The Hunger Games: Breaking the Bank

Source: Friday’s Culture Casserole from foodforthesoul

I, along with tens of thousands, saw The Hunger Games on opening weekend and, according to Entertainment Weekly’s Inside Movies box office update, the opening day box office for the film was the best for a non-sequel. Hoping to avoid the seemingly inevitable throngs that would be lined up to see this movie that’s all the rave and taking the nation by storm, a friend and I made a plan to see the earliest Saturday morning showing at a nearby ‘hundredplex.’

For the most part, I’m not the kind of girl who likes the idea of queuing up to see anything … at least not since I lined up outside Radio City to attend that Jackson Five concert in the 80’s or that Christmas Day (in the 1990’s) when I stood in the cold to be among the first to see Godfather Part III or … OK, I’m no longer that girl except when I am. Anyway, I digress. My friend and I joined a modest line-up of eager fans and saw the 9 AM showing of The Hunger Games on opening weekend which, I suppose, makes me part of the latest movie phenomenon.

Honestly, I had not heard about The Hunger Games until last year when a guest chef contributed a Culture Casserole to The Daily Special feature. Even then, all I knew was the name and that it was a book. So, my decision to go was based on 1) walking past a Barnes & Noble bookstore and seeing a throng of kids and adults, patiently waiting to purchase the book and get it signed, and 2) the spirit of adventure, curiosity and discovery that I possess.

So, there we were, watching The Hunger Games in IMAX, not knowing exactly what to expect and going along for the ride. While I watched I found myself intrigued by many aspects of the production as well as the plot.

From a production standpoint, the film-making is grand, sweeping, worthy of an IMAX experience. In this day and age when movie goers are balking at high ticket prices ($18 per ticket for IMAX in New York City!) and opting for the small screen to watch movies, (or converting a living room wall into one’s own personal drive-in with the use of a movie projection system and watching movies streamed from NetFlix or DVDs borrowed from the library like a friend did recently), it is no easy feat to get fannies into the seats when there are so many options available to a technologically savvy population. Mission accomplished on the part of the producers of The Hunger Games–it is definitely the kind of movie that truly benefits from the big screen experience–it is a visual smorgasbord of delight. And, at the before-Noon ticket price of $11 (full price for IMAX IS $18!) offered by the AMC Theatres in my city, it was a steal!

In terms of the plot, there were many themes that speak to where we are in life and who we need to be in the face of life’s circumstances.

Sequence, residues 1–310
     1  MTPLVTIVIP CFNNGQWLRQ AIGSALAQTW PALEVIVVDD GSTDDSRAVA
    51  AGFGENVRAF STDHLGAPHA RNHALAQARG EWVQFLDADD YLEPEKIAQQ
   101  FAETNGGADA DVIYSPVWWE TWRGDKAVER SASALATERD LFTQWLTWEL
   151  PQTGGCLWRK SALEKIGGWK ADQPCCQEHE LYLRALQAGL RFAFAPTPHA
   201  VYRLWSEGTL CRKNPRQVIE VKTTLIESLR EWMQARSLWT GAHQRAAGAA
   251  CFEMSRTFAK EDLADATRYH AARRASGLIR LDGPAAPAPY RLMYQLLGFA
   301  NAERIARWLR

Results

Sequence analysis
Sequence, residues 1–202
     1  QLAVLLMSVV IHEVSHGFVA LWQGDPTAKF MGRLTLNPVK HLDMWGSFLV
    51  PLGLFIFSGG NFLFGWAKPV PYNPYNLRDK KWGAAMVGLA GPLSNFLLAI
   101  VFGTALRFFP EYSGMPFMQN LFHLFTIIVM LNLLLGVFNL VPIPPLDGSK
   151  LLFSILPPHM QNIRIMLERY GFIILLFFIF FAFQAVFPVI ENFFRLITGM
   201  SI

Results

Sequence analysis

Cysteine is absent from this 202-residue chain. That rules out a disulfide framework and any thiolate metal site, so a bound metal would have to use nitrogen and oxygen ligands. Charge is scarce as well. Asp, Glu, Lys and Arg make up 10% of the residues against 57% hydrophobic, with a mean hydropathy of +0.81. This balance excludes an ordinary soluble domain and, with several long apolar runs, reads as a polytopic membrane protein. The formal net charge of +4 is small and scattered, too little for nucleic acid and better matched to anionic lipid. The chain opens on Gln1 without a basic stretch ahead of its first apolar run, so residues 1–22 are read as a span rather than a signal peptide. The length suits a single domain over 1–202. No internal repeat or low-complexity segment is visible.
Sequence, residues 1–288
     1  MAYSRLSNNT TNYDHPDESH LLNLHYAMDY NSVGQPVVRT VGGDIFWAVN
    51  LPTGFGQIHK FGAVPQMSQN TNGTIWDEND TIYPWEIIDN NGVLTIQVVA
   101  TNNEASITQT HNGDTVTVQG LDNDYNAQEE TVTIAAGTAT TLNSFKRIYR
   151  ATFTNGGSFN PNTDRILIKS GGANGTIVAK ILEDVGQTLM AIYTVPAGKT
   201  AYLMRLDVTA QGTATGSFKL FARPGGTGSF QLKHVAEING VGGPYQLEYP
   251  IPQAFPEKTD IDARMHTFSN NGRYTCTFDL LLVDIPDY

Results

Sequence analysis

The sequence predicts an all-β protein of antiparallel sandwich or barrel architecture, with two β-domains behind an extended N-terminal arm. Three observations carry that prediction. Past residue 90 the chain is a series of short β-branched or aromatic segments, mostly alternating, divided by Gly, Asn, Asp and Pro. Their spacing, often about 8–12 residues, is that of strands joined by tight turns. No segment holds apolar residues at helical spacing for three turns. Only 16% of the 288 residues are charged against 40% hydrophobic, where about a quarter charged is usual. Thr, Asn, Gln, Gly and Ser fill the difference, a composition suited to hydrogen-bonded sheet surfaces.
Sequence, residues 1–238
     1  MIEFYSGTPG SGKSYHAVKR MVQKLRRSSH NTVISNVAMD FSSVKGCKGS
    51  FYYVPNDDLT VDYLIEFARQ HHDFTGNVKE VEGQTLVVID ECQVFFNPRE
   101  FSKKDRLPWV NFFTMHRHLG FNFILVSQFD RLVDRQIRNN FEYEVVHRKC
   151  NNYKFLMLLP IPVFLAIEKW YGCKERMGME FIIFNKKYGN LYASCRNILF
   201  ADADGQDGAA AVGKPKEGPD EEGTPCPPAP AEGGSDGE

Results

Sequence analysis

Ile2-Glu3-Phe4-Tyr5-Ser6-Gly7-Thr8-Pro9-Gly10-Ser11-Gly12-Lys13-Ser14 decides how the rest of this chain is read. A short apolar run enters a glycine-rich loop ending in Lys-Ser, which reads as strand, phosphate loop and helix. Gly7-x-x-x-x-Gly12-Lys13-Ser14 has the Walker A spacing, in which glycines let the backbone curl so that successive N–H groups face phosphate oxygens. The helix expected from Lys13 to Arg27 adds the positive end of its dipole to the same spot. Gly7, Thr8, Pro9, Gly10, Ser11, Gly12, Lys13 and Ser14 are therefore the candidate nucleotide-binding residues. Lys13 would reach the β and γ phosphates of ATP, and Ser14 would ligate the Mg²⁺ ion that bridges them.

At the macro level, there is the historically significant theme of children being called upon to bear the brunt of responsibility for past conflicts of adults; this is clearly reminiscent of the way armies press young people into duty (some are driven by patriotism, others looking to escape poverty) to fight the wars the adults have wrought. Then there was the very topical theme of the 1% being supported and entertained by the 99% whose main focus in life is on survival. Further, the disposability of young people by a satisfied, even decadent elite class whose concerns go to simple pleasures like having dessert or making light of matters of life and death might be viewed as indicative of the way many in our society are lacking in compassion for others. Witness the youthful ‘prank’ played by the Rutger’s student on his roommate who felt it was harmless to film his roommate having sex with his partner and acceptable to invite his friends and tweeps at a designated time to the viewing of this personal act between friends. It was only because the young man, whose privacy was violated, committed suicide that this blatant disregard, even trivializing of such an action, was brought to light. The fact that there was such blatant disregard for the privacy of another, might be viewed as indicative of how we as a society have become so insensitive to the needs and boundaries of others.

At the micro level, we see the main protagonist, Katniss, playing the role of hunter-gatherer for her family, expressing strength by volunteering (and in all probability sacrificing her life) to protect her sister and reflecting classic role reversal when she as the child feels the need (based on past experience) to demand that her mother stay responsible and take care of the home and her sister while Katniss participates in the 74th Annual Hunger Games. This theme in particular resonates with me and many of my friends of a certain age who are being called upon to provide support to elderly parents, support that is often financial or physical or emotional, or all three.

With all that said, The Hunger Games is a riveting film and a worthy view. And, at the end of the film, when the stage is set for the sequel, I realize I’m vested in what’s to come and, while I might or might not read the books, I will see the next theatrical installment.

2 Replies to “The Hunger Games: Breaking the Bank”

  1. Very insightful way of connecting the books/films devaluing of childrens’ lives and the Rutgers case. With the increasing amount of TV programming devoted to “reality” shows, watching, commenting and judging even the most personal aspects of others lives is considered entertainment.

  2. Thanks Cindy! I’m relieved to see new programming such as Missing, Scandal, Touch which suggests that the reality show model might be becoming a thing of the past. Of course, only time will tell!

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